Tuesday Tutorial:Parachute Adams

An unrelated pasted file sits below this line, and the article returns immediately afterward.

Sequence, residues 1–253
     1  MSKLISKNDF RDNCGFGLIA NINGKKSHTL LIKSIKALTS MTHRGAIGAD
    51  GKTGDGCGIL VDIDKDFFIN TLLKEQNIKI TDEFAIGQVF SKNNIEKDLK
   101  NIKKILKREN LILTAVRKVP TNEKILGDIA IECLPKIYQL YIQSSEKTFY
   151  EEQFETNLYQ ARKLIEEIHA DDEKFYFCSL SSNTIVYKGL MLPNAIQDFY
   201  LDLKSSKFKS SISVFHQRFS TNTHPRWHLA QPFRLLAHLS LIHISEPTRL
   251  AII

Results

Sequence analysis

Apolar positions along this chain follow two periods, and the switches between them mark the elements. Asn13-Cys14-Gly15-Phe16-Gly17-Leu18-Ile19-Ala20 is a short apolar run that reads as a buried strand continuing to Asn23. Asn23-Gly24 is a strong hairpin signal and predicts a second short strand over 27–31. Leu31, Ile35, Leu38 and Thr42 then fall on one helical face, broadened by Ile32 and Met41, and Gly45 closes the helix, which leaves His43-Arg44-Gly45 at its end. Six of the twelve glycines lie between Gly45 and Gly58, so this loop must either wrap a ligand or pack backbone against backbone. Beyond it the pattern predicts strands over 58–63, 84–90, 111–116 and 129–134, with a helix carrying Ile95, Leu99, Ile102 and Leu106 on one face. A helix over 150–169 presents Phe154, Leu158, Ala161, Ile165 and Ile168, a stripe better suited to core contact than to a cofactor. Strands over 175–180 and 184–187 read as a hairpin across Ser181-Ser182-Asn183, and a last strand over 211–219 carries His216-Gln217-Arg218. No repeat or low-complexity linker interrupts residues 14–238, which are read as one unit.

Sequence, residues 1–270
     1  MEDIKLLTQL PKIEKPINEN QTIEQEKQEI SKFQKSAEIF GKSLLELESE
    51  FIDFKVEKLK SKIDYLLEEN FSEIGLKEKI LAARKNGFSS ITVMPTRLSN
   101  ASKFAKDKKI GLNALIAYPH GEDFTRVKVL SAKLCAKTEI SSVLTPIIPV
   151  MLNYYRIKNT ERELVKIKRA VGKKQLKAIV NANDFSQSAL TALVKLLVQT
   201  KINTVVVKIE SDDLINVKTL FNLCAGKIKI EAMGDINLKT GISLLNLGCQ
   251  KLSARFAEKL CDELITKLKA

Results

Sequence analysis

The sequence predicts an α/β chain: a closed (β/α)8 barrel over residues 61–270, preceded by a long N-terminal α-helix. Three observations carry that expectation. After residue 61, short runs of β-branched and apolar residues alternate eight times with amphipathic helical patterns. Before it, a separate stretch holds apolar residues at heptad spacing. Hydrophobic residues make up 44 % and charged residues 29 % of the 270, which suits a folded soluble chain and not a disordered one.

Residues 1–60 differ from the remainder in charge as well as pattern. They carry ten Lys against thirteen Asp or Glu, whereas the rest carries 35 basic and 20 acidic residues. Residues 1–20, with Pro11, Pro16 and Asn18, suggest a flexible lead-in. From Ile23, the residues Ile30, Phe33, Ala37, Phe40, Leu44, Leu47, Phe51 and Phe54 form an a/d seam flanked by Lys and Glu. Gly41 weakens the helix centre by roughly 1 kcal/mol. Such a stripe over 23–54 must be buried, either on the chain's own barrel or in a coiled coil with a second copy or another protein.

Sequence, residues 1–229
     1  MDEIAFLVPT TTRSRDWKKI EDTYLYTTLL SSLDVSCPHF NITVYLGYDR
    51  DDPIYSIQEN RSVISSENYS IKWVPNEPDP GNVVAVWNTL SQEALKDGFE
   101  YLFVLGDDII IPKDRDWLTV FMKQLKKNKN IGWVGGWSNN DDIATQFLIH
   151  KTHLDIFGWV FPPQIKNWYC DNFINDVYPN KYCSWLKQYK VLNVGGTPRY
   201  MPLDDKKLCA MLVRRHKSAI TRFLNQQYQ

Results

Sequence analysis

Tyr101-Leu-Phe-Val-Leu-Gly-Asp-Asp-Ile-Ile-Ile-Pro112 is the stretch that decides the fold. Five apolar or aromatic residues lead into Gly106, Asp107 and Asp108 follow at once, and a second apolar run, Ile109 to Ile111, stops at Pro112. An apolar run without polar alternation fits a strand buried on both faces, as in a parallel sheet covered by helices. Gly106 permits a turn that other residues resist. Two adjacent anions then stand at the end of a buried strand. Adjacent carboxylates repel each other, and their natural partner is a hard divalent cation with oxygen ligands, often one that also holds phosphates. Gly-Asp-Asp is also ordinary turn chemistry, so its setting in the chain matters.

Yeah, yeah, you already know how to tie a parachute fly. You do it all the time. You know they work. You’ve got them in your box and maybe one day you’ll use one. But you don’t, do you? Lots of anglers this time of year get so focused on the potential for big stonefly eats that they forget the other hatches going on at the same time. Things like grey drakes, march browns, BWOs, and so many midges. But you just got to try that new skwala pattern you’ve been salivating over all winter, dontcha? Here is some real from the river talk from this weekend. We floated a busy section of the Bitterroot, and passed half a dozen boats that were busy throwing the single big foam fly with no luck. In our boat we spent some time in the morning nymphing and found fish but got sick of watching the bobber, so we went to the dries. But not the skwala. Why? There were midges hatching in enough numbers to coat the waterline on the Clackacraft. There were a few smaller mayflies getting off the surface, and there were fish eating emergers in the slow stuff if you took the time to anchor and observe. Yes, there was enough skwalas roaming around to get excited about, but we’d seen boat after boat full of anglers having no success, so why go the same route? Slow down and watch. Sometimes we forget that part of the equation when we’ve spent all week scrolling through fish pictures and thinking skwala, skwala, skwala. We spent the day getting fish in all the likely places, on a simple griffiths gnat and a parachute adams, and went home happy. Yes, we got a nice fish to eat a skwala in the right place, but most of the action came from fish eating the much more available sub-hatches. And that’s why you should get to work filling those empty slots with a few of every size parachute adams from 8 to 18. The fly works. It can be colored up with a magic marker on the river. It can be clipped and stripped and seen from a boat. It covers multiple hatches in different sizes, and it’s a no-brainer. When multiple hatches are overlapping, like spring in Montana, it should be your go-to fly. Take the guesswork out of fishing. Try the adams.

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